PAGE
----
Frank (Chris Evans) is a reluctant, unexpected single dad in the new movie Gifted. When his sister passed away he agreed to take in and raise his niece Mary (Mckenna Grace), a precocious seven year old. Mary is gifted, doing college-level work in a number of subjects but before she passed Frank promised his sister that he would raise her as a normal kid, not as some sort of prodigy.
While Frank has support in that mission from landlady Roberta (Octavia Spencer) and others, things get complicated when his mother (Lindsay Duncan) shows up. She’s determined to get Mary into a think-tank or other institution where she can exercise her full potential. While everyone, including her teacher Bonnie (Jenny Slate), says they want what’s best for Mary, what that looks like is very different from one person to the next.
Evans and Grace are featured on the one and only poster, the latter staring adoringly at the former, who’s looking somewhere off into the distance. It’s an interesting choice to have Evans’ face slightly blurred as he’s closer to the camera, showing that while he’s important to the story, it’s Grace who we’ll actually be emotionally invested in. The cast list is above the title and aside from the credit block and the reference to the movie coming “From the director of (500) Days of Summer” there’s no additional text to explain to the audience what they’re getting into.
We meet Frank and his niece Mary in the first trailer while they’re at home, but the story starts when we see her starting at school, where she shows up the teacher and gets on people’s radar as a potentially gifted young girl. Frank has promised not to treat her as anything other than a normal child, but Frank’s mother disagrees and she sues for custody to help her live up to what’s seen as her potential. The rest of the trailer is about that conflict, as Frank tries to live up to the wishes of his sister and the grandmother tries do what she’s decided is best, even if it conflicts with that.
It’s quite a good trailer, showing off the emotional nature of the story and how it will be a feel-good movie about the importance of family and an unencumbered childhood. What stands out most for me, though, is Evan’s performance and how he continues to make really interesting choices when he’s not suiting up as Captain America. He and Grace are fun to watch together as they try to play a natural yet strained relationship.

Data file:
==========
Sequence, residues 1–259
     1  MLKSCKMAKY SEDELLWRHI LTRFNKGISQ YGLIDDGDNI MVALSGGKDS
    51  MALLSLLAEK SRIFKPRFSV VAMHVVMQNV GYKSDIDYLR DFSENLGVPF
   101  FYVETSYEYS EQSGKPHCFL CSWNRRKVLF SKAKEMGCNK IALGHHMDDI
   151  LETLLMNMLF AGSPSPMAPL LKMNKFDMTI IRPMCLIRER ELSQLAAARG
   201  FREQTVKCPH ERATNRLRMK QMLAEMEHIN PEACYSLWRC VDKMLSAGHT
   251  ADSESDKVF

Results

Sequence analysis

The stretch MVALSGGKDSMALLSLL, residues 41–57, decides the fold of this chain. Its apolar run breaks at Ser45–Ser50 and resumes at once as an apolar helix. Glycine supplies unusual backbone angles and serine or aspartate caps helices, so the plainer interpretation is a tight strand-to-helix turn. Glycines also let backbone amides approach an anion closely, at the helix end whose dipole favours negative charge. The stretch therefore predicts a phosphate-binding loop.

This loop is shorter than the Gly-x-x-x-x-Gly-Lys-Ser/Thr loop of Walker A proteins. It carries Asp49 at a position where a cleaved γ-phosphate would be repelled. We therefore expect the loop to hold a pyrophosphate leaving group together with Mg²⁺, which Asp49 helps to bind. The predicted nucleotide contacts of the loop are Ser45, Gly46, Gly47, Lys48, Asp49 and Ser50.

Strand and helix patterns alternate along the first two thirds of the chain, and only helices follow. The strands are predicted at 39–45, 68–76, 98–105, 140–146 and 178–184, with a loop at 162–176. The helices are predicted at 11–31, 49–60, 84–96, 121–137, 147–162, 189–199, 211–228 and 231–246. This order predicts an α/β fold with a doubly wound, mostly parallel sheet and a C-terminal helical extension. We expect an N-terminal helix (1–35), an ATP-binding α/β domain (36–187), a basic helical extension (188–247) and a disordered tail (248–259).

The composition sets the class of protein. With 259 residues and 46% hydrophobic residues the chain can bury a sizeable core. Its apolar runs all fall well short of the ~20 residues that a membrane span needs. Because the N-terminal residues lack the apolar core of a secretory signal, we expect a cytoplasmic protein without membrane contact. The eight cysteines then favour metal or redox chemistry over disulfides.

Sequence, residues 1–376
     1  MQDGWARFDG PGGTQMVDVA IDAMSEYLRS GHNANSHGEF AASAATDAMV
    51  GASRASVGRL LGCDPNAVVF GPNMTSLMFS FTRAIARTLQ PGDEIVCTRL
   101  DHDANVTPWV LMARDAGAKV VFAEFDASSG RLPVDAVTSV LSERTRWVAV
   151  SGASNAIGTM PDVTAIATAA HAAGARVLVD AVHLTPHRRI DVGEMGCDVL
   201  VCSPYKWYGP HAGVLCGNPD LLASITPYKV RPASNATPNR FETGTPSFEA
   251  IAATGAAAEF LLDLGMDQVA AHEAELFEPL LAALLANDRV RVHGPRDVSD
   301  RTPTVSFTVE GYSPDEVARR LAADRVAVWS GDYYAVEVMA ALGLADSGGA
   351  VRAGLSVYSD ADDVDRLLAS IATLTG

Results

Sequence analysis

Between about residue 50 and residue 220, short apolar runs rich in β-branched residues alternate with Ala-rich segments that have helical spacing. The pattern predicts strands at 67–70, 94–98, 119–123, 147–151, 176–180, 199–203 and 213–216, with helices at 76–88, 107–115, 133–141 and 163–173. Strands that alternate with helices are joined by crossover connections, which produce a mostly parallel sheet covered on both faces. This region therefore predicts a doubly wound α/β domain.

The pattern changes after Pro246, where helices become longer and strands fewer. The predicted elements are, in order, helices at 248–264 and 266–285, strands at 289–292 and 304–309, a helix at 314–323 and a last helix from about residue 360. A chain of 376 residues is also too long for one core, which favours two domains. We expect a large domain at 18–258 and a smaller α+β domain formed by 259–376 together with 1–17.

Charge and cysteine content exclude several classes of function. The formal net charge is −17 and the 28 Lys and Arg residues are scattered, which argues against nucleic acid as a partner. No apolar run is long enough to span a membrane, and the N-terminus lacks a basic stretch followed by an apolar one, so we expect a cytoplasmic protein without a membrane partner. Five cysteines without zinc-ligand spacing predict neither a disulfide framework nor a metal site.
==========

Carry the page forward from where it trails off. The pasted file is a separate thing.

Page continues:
Online and Social
There’s a nice, understated tone to the movie’s official website. The front page just has a nice image of Evans and Grace alongside prompts to watch the trailer or get tickets.
The first section in the content menu along the top of the page is “Cast,” which has the names of the major players in front of the camera that takes you to a picture of them from the movie along with a quote about what it means to them. “Filmmakers” is the same thing, but just for director Marc Webb.
“Story” has a brief synopsis of the movie’s story. There are a few stills in “Photos” and “Videos” just has the trailer. “Partners” has information on the companies who are helping to promote the movie. At the bottom of the page are links to Fox Searchlight’s social profiles as there are no specific pages for the movie.
Advertising and Cross-Promotions
TV spots like this one played up the emotions of the movie, showing it’s a story about a guy who’s not all that smart trying to raise a girl who is and the struggles that entails. It’s charming and low-key and shows Evans is giving a solid performance here.
Promotional partners for the movie include:
- The state of Georgia, which is where the movie was filmed
- Kellogg’s Family Rewards, which offers you the chance to enter to win a $5,000 scholarship
- Best Friends, which is helping to promote cat adoption or sponsorship
- Rosetta Stone, which offered a discounted two-year subscription to its language software
- Girl Scouts, which is just about promoting the organization and highlighting troop leaders
Media and Publicity
A huge profile of Evans formed the core of the publicity campaign. In it he talked about this movie as well as, of course, his role in the Marvel movies, his thoughts on politics and lots more.
There was also a big profile of Slate, but that one wound up being only tangentially about the movie and wound up focusing more on her relationship with Evans, which started on-set. It shows how the focus is different for male and female stars in that the relationship, which ended, wasn’t the primary theme of interviews with him.
Both Evans and Slate also did various other press work, including appearing on some of the late night talk shows, comments at the premiere and so on.
This is a completely charming campaign that offers an openly-emotional experience for the audience. The point here is to show off how Evans isn’t just Captain America but is a well-rounded actor and it does that well. Grace is also, obviously, a big part of the push as she’s the one whose life everyone has an opinion on and stake in shaping. The relationship between those two on-screen is what the studio hopes will bring people out and so that’s what forms the crux of the marketing.
More than anything, there’s a gentleness to the campaign that presents the movie as a low-key alternative to the brash animated kids movies or big-budget remakes/reboots. Everything is presented here in soft light and with gentle fonts and soothing music, selling the movie as a palate cleanser for audiences who might be burnt out by seeing the same five things every time they go to the theaters. That’s the crux of the campaign’s appeal.